This news was first published on Dialogue Online.
Bitcoin’s two challenges for the long term are, first, that it doesn’t exist, and secondly, that it isn’t taken seriously enough where it matters. It is a tradable open-source crypto-currency with a five-year track record of volatility, and it is a low-cost, near-instant remittance mechanism for purchased, unitised electronic value. It doesn’t exist in the sense that if a bank was to seek, let’s say, a partnership with Bitcoin – who would the bank call? The Bitcoin Foundation is not a commercial entity, nor indeed is it the Bitcoin equivalent of a central bank. “There’s nobody there, no company,” says Zilvinas Bareisis, senior analyst at Celent, the financial research analysts.
Bitcoin is taken seriously in Germany, where sales tax is imposed on Bitcoin transactions, and in China, where financial institutions are prohibited from handling any virtual currencies at all. Two companies, Robocoin and Lamassu, provide Bitcoin ATMs. The former’s machine seems designed to facilitate access to and cash exchange of Bitcoin, while Lamassu’s promises “fiat to Bitcoin in 15 seconds”. But there is a broader issue here than accessibility via ATM, pragmatic tax policy, or indeed the kind of profile that leads to an outright ban. Ty Danco, CEO and co-founder of BuysideFX, a solutions broker targeting institutional investors, summed it up in a recent blog post: “Bitcoin needs more direct participation from people in the financial world who know what they’re doing… Those of you running Bitcoin exchanges – dump the rhetoric, go hire some pros.”
Bitcoin isn’t a bank-led initiative. It operates “with no central authority or banks” (says www.bitcoin.org); it has been popular with criminals (it was used on the ‘silk road’ online black market), and its users include people who, for example, put out press releases when they succeed in buying pizzas with Bitcoins (a story picked up by many mainstream media outlets). In this light, Bitcoin appears to be a durable novelty that has run for five years without attracting those “pros” to its team. But the bigger issue, for the long term, is that there is no easy answer to the ‘Why Bitcoin?’ question.
JP Morgan Chase’s patent application number 20130317984, published November 2013 and widely analysed online, describes a “method and system for processing internet payments using the electronic funds transfer network.” This suggests banks can do what Bitcoin does, without Bitcoin, if they so choose. Patrick Murck, general counsel at the Bitcoin Foundation, argues for a commonality of interest between banks and Bitcoin and suggests that the next step is for a mutually beneficial meeting of minds: the ‘mature organisations’ of the banking world and the pizza-eating entrepreneurs of Bitcoin could usefully work together. Nice idea, and there’s an obvious precedent: Innotribe at Sibos Dubai last year (where Murck also spoke) gave a clear indication of the innovative value that can be added when “suits sit down with jeans” (to take a phrase from Salesforce chief scientist JP Rangaswami’s closing-plenary summary of the week).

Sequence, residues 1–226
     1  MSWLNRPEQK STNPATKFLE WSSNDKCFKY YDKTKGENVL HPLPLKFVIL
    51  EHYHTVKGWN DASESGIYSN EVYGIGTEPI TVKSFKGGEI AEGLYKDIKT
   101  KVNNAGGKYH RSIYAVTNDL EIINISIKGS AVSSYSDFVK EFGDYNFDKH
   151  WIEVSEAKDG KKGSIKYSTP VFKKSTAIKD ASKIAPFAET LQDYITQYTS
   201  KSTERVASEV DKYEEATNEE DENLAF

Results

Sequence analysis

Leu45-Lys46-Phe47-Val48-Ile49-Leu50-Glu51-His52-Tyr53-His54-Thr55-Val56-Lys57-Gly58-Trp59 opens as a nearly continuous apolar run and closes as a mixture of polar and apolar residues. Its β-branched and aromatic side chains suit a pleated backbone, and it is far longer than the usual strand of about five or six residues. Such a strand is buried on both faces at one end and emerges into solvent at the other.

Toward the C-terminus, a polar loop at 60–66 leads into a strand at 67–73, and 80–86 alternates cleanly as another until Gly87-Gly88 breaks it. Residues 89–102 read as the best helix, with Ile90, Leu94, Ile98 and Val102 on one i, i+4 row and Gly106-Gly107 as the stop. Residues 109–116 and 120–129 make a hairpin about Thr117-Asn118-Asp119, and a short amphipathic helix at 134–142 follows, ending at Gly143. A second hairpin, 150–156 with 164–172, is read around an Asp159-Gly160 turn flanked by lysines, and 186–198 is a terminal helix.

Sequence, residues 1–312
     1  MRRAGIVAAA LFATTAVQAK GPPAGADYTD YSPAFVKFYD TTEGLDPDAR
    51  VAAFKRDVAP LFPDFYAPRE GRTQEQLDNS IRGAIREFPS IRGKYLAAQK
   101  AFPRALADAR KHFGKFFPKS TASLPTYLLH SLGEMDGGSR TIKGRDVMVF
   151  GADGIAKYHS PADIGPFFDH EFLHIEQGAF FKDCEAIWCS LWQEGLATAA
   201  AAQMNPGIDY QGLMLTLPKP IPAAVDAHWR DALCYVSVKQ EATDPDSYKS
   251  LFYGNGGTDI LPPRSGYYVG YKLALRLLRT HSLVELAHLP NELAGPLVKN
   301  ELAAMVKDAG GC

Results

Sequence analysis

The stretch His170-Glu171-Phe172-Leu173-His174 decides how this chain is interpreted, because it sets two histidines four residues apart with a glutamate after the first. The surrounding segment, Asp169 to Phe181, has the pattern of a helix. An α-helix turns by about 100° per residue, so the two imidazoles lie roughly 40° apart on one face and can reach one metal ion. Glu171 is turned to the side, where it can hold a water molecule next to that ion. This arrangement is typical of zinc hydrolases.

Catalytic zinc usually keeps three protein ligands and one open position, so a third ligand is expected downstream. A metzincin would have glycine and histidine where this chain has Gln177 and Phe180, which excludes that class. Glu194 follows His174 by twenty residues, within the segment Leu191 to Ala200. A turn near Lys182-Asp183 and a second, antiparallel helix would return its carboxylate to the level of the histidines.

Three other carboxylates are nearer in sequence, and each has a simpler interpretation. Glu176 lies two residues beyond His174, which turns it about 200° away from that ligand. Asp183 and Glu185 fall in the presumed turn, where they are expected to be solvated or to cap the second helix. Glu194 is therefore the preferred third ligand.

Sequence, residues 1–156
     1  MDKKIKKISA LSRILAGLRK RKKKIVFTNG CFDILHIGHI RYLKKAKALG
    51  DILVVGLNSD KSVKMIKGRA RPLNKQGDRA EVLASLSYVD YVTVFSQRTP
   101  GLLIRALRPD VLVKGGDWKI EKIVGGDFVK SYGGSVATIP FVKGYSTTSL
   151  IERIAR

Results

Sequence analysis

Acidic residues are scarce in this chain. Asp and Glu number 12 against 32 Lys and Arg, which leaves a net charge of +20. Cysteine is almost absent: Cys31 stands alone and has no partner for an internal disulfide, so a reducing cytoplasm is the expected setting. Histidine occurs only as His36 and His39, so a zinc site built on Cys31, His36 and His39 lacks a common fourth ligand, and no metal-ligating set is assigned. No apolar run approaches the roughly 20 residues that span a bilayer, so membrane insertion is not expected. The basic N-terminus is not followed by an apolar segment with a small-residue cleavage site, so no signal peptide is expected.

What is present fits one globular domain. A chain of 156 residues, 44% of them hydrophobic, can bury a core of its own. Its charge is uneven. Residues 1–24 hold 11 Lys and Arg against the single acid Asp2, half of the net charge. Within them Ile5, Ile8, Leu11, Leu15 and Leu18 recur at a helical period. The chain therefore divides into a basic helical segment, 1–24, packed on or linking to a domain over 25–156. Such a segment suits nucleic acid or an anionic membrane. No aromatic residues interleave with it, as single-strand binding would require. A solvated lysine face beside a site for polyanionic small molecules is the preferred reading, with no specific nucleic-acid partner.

But there are other ‘jeans’ out there, and Bitcoin has a problematic history. Banks do seem to be interested – Bank of America Merrill Lynch published a research paper on Bitcoin in December; Wells Fargo recently convened a summit to discuss it – but the focus tends to be on virtual currencies in general and the regulatory/practical challenges they raise. True, Bitcoin does have significant take-up, as Murck points out, and this may represent a critical mass that banks cannot ignore. “If you consider the number of users that Bitcoin has worldwide, and the transactions that it enables, I would say that yes, it has definitely reached critical mass,” says Jordan Kelley, CEO, Robocoin. But a critical mass has to go through some form of KYC process if it is to interact with the established, regulated global financial infrastructure. “A lot of banks will struggle to deal with Bitcoin directly in the foreseeable future,” says Bareisis.
Genuine use cases
Let’s not be too negative. In its five years of existence, Bitcoin has cracked the remittance business, after all. Julie Conroy, research director for Aite Group’s retail banking practice, says: “There are genuine use cases for Bitcoin. It’s useful for cross-border remittances, for e-commerce payments, for use in countries that don’t have a stable currency of their own.” It’s also e-portable, and given the global penetration of mobile telephony, thereby potentially capable of reaching the unbanked. It’s a potential solution for some of the very long-standing, as well as some of the very new, challenges facing the banking industry.
“Bitcoin is the poster child for potentially viable digital currencies,” says Conroy, making the points that Bitcoin supply is finite – like gold, it has scarcity on its side – and that its volatility could be expected to reduce if it becomes mainstream. “To get there, Bitcoin has to play nicely within the norms of our regulatory structure,” says Conroy. But it has to start doing that before banks start building their own alternatives.